Welcome back to “EdCommversations” with Liam Hallada (a graduate student interested in teaching) and Alison Dell (Associate Professor at a teaching-focused institution). Today Liam’s question leads to resources for incorporating primary literature and problem solving into STEM teaching.[When Liam joined the Zoom, Alison was finishing a meeting with a student sharing a DNA sequence, confirming an expected PCR product size for a mutational analysis.]
Alison: That student was in the lab with me last week and literally screamed with happiness when the PCR product on the gel was the same size as predicted. When this student did the PCR the first time, it didn’t work. They were so disappointed in their blank gel, and now they’re really happy because they got it and know they did it themselves.
Liam: Can navigating these challenges be learned sooner? Or are there resources for teaching this? I think that many students are afraid to ask questions and afraid to get it wrong. And I remember experiencing that myself.
Alison: I hear you. Before graduate school, I worked in a big lab and on the way to the first lab meeting, my postdoc mentor said, “Don’t ask any questions. People will be very nice, but they will think you’re an idiot, so just don’t.” (For the record this otherwise excellent mentor is now horrified that they said that.) Unsurprisingly I asked zero questions. I didn’t know that asking questions and reading papers are learned skills that take practice.
Teaching Resources: As scientists, we are often called on to solve problems, but traditional courses don’t make room for teaching this critical skill set. If you’re looking for a place to start, ASCB has a great resource on problem solving in the classroom. It talks about the idea of “desirable difficulties”—something that might be challenging at first but ultimately contributes to learning. How can we facilitate these experiences without adding to classroom disparities? A recent study found that 74% of students reported that they struggled in their gateway courses, and that many struggles are related to different levels of preparedness to take the course.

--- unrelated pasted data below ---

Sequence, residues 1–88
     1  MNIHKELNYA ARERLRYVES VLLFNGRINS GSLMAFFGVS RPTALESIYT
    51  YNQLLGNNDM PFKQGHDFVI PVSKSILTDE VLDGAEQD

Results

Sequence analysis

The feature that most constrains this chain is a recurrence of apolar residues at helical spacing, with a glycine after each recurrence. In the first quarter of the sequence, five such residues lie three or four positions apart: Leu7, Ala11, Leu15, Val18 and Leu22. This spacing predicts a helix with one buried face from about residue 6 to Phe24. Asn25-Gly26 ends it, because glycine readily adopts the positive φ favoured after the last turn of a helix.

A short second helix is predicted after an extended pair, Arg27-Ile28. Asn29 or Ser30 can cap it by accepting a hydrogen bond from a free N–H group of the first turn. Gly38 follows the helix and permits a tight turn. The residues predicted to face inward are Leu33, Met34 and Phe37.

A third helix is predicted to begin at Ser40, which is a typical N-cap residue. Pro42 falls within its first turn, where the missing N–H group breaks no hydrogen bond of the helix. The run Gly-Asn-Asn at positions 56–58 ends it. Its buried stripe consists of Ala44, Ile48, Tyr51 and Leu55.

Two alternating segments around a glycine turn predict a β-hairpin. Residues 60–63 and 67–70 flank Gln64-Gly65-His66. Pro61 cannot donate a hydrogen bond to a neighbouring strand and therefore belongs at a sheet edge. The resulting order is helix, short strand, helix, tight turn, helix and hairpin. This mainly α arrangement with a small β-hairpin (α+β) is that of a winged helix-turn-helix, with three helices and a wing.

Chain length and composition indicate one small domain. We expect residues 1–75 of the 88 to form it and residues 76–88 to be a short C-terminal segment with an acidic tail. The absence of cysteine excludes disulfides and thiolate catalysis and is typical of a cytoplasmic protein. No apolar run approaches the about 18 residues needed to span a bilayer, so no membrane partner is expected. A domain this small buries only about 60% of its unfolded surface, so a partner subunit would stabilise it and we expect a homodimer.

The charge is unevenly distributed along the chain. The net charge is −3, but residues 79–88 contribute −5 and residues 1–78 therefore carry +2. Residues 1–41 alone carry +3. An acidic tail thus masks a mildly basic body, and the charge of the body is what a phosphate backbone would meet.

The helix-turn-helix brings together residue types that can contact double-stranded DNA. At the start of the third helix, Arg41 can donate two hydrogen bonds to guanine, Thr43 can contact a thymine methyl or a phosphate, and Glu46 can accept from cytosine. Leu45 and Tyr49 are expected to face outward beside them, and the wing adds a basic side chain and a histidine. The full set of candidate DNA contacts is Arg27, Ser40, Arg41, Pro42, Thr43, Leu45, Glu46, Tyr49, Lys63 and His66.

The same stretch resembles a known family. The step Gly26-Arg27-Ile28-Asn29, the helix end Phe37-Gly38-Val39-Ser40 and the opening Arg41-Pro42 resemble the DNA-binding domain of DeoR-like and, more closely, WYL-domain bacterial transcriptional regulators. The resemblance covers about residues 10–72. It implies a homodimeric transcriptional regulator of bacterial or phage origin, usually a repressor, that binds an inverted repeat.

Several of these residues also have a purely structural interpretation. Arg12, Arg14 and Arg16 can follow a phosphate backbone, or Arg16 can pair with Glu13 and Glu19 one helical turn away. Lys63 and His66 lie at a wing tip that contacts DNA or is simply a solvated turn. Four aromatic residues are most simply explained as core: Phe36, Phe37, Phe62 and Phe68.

My classes usually have a journal club component focused on figure analysis. That’s because taking apart a scientific paper presents many different challenges but is a key skill in being a scientist.
Incorporating primary literature in undergraduate teaching can promote persistence in STEM. If you’re getting started, Science in the Classroom is a great resource that annotates journal articles to help students with the vocabulary and structure of scientific literature. It’s organized into collections with additional teaching resources such as activities from HHMI’s Biointeractive. The Explorer’s Guide to Biology’s guided papers is particularly great for cell biology. In my class, some students read the paper and use the resources, and inevitably others will not. I tell those students that it’s also a valuable skill to be able to look at a graph and figure out what it’s saying without reading the paper. Everyone can and does participate in the analysis.
Students work in teams knowing that someone in the class will be called to analyze the figure through a framework of questions. What is the question the figure asks? What’s the method and how does it work? What did the researchers observe? What did they conclude? Does the student agree with the conclusion? By the end of term students are consistently much better at answering data-focused questions. My framework is homegrown from teaching myself to read papers. I encourage my students to find a way that works for them. From a teaching standpoint, there are many validated variations, such as the CREATE method, where students take a similar approach reading a series of papers from the same lab. Students can parse figures on paper or tablet using Two Photon Art’s Journal Article Notebook, which was created to introduce undergraduates at UC Berkeley to primary literature analysis.
Whatever you do, don’t just pick a paper and throw it at your students. Provide a framework, and let students teach each other by working together. In education speak, this is called collaborative learning, and if you’d like to build more of it into your future classes, LSE has a guide on this too.
Next time: growth mindset, tools for teaching students to give and receive meaningful peer feedback
About the Author:
Alison Dell is an associate professor of Biology at St. Francis College in Brooklyn, NY and member of ASCB’s Education Committee. Twitter @dell_alison
Liam P. Hallada started in the mountains of New Mexico and travelled to the river in Memphis, TN, to earn a PhD studying developmental neurobiology at the St. Jude Graduate School of Biomedical Sciences.